Fathers are rapidly disappearing in Utah and across the nation.
This retreat is not an isolated phenomenon. Research from the Rochester Area Fatherhood Network shows that 34% of children nationally will go to bed tonight in a home where their father does not reside. Forty percent of those children have not seen their father in the last year. An estimated 19% of Utah’s children, or 1 in 5, live in single-parent households. That percentage is 27%, or about 1 in 4 in Weber County and 1 in 3 nationally.
The vast majority of these single-parent households (an estimated 80%) are single mother households. The disappearance of fathers, or the “father absence crisis” as it has come to be known nationally, is an escalating tragedy for our children and a social burden, the full impact of which we have yet to experience. Why is this happening? Let’s look at the myths that perpetuate this national phenomenon.
Myth: Fathers are replaceable
The truth is fathers are indispensable. Fathers are much more than substitute caregivers. Fathers parent differently, communicate differently, play differently, discipline differently. Fathers provide a unique, dynamic and irreplaceable contribution to their families and children. While mothers protect their children from the world, fathers prepare their children for the world by encouraging exploration and risk taking, instilling confidence and self esteem. The contributions from both parents are critical to every child’s development.
Myth: Mothers should be the primary caregivers for their children
Unless a child is breastfeeding, no evidence exists that an infant is better off or more secure in their mother’s than their father’s care. In fact, plenty of studies show that a child is harmed if they are not permitted to bond with father as well as mother.
In Utah, married fathers automatically receive parental rights to their child at birth, but unmarried fathers must petition the courts to receive parental rights. Joint legal custody is a rebuttable presumption in Utah, and yet 75% of Utah custody awards favor mothers. Utah ranks 37th of the 50 states in the percentage of custody awards to fathers.
Some explanation for this disparity may be that men are statistically more likely to engage in violent or criminal behaviors and to abuse alcohol and illicit drugs than women, but no justification exists where these factors are not present.
Myth: Absence of fathers causes no direct harm to children
To the contrary, the absence of fathers is the cause of all the most intractable social ills impacting our children. The adage, “correlation does not imply causation” does not apply to the impact of absent fathers.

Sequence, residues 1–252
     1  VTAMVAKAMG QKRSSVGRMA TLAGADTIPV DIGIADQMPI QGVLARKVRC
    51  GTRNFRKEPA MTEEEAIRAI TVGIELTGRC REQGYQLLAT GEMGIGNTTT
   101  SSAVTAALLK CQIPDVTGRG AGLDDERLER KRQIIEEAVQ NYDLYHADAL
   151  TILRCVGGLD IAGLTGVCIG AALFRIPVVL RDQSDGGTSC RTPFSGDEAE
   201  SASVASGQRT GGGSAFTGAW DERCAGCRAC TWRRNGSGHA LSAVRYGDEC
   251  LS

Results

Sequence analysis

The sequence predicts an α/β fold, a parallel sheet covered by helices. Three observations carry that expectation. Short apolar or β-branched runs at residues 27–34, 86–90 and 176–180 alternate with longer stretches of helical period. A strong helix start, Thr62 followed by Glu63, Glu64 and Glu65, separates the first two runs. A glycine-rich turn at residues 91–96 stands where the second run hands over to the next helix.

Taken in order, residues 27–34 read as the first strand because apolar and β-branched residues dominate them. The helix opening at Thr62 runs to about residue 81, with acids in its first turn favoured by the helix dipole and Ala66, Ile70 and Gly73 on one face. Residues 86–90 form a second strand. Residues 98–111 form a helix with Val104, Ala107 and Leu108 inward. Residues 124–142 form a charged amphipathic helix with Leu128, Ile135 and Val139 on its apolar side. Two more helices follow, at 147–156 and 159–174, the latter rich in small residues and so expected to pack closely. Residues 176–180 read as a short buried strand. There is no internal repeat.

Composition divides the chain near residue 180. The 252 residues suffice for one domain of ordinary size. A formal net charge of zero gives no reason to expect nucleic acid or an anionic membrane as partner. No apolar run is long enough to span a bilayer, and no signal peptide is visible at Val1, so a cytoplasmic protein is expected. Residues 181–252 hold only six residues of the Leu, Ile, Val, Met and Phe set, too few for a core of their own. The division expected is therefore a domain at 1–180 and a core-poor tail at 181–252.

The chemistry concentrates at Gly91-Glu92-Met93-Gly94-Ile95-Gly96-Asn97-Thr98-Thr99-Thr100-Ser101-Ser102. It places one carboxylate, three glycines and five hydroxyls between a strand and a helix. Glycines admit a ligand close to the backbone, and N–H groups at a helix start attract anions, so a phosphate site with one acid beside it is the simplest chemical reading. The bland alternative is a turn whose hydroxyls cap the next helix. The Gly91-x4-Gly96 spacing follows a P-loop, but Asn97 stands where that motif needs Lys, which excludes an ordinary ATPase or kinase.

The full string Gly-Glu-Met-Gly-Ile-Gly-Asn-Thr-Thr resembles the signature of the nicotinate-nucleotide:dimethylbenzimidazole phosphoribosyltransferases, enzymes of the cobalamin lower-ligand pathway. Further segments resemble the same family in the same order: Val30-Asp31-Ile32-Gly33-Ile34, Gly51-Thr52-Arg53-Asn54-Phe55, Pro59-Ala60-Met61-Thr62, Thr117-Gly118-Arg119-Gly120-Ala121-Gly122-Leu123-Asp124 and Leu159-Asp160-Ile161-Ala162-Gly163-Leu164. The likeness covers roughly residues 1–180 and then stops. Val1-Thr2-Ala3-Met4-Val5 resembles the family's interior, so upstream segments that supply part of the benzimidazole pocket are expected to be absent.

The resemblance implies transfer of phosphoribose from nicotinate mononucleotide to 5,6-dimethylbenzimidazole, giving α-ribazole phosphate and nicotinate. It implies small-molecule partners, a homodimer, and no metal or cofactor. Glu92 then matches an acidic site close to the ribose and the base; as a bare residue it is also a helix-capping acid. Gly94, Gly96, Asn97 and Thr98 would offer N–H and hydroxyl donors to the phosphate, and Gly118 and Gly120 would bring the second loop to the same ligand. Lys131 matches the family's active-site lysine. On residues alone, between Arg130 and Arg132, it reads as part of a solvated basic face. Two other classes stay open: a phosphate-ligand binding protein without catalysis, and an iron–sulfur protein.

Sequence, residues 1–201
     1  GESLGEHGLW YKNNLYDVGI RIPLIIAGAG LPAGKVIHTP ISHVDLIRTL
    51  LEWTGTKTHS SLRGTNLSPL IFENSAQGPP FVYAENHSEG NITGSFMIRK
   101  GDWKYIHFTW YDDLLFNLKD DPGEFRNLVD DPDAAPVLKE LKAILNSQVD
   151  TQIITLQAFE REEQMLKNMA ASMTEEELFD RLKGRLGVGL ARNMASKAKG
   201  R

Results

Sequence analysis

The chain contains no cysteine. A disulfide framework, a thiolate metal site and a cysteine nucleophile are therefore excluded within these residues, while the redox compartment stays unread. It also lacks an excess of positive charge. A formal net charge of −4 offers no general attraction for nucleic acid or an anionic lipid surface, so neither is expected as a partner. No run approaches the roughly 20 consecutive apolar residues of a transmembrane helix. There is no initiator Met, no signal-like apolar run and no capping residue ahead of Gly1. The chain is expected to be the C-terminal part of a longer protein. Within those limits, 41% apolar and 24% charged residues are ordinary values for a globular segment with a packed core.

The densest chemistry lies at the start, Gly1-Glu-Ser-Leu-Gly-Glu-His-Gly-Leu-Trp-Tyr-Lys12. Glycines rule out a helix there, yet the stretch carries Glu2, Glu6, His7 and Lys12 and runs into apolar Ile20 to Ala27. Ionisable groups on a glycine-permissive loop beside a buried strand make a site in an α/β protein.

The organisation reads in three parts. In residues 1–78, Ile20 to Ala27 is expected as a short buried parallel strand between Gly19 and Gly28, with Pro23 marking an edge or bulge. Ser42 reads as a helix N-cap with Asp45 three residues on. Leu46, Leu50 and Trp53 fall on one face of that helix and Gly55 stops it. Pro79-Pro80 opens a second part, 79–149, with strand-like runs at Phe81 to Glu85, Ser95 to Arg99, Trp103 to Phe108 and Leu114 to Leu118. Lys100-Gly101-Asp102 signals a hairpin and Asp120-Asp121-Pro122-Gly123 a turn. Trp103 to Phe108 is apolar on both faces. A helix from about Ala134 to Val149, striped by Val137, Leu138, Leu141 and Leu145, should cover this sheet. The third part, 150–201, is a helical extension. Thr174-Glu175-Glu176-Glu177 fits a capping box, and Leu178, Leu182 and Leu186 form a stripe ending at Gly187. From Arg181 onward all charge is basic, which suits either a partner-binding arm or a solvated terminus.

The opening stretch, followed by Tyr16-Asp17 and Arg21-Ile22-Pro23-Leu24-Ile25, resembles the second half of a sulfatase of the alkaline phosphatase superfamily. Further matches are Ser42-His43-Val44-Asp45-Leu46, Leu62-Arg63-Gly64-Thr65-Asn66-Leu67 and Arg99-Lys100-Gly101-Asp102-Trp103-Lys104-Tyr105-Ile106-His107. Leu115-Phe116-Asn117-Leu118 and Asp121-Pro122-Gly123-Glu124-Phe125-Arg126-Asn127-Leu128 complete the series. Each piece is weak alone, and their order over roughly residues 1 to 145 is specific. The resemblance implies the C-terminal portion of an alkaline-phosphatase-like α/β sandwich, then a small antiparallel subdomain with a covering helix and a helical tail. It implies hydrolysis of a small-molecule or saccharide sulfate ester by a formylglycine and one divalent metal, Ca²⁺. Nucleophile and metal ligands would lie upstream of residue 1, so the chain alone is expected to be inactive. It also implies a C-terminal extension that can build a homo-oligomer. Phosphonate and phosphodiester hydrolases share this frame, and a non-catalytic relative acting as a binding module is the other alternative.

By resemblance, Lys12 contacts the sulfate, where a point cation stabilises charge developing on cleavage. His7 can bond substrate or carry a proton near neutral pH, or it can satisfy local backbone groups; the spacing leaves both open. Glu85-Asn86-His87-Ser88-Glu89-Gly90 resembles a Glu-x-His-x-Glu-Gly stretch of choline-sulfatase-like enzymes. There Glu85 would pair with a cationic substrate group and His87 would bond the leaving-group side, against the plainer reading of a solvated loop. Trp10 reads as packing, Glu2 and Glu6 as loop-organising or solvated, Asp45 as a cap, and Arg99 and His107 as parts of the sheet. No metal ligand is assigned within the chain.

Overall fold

The research is resounding on this point. Children growing up in father-absent homes are 47% more likely to experience poverty and 279% more likely to carry guns and deal drugs than peers living with a father. Children from father absent homes are twice as likely to to be abused or neglected, seven times as likely to engage in early sexual behaviors or experience a teen pregnancy, twice as likely to suffer from obesity, four times as likely to suffer infant mortality, twice as likely to drop out of school. Children from father absent homes are more likely to have behavioral problems, experience depression, anxiety and suicidal ideation, more likely to commit crime, more likely to go to prison, more likely to become absent fathers and mothers themselves.
On the flip side, children with fathers in the home are more likely to avoid psychological and behavioral problems, more likely to succeed in academics and in life.
Myth: Children with a father in the home are not at risk
Although most of our children (70%) do have a father in the home, the pervasive problem is that many of these fathers are uninvolved physically, emotionally or spiritually in their children’s lives.
Fathers work long hours and come home from work exhausted. Their children are left to entertain themselves with video games or worse, while parents substitute material gifts for the time they no longer spend with their children. According to Gallup, 97% of us rank family as important to extremely important, and yet the average parent spends just five hours of face-to-face time with their children each week.
Myth: Involved fathers will exclude mothers
Studies show that mothers reap a host of benefits when fathers are involved in their children’s lives. When fathers are present, mothers are twice as likely to maintain a healthy pregnancy, less likely to suffer postpartum stress and depression or experience parental stress, and more likely to have leisure time and experience greater marital satisfaction and overall sense of well being than mothers of children with absent fathers.
Bottom line: The presence of fathers in the home has a positive impact on the lives of mothers and children.
It is time we take a hard look at family structure as the precipitating cause of many, if not all of our most serious social problems. The benefits of fathers’ presence in the home are broad, significant, long-lasting and universally recognized. It is not too late to reverse trends, bring fathers home and bring these benefits to the rising generation. Understanding is the where we start.
Lorraine Brown is a Republican candidate for Utah House District 10, which includes parts of Weber County.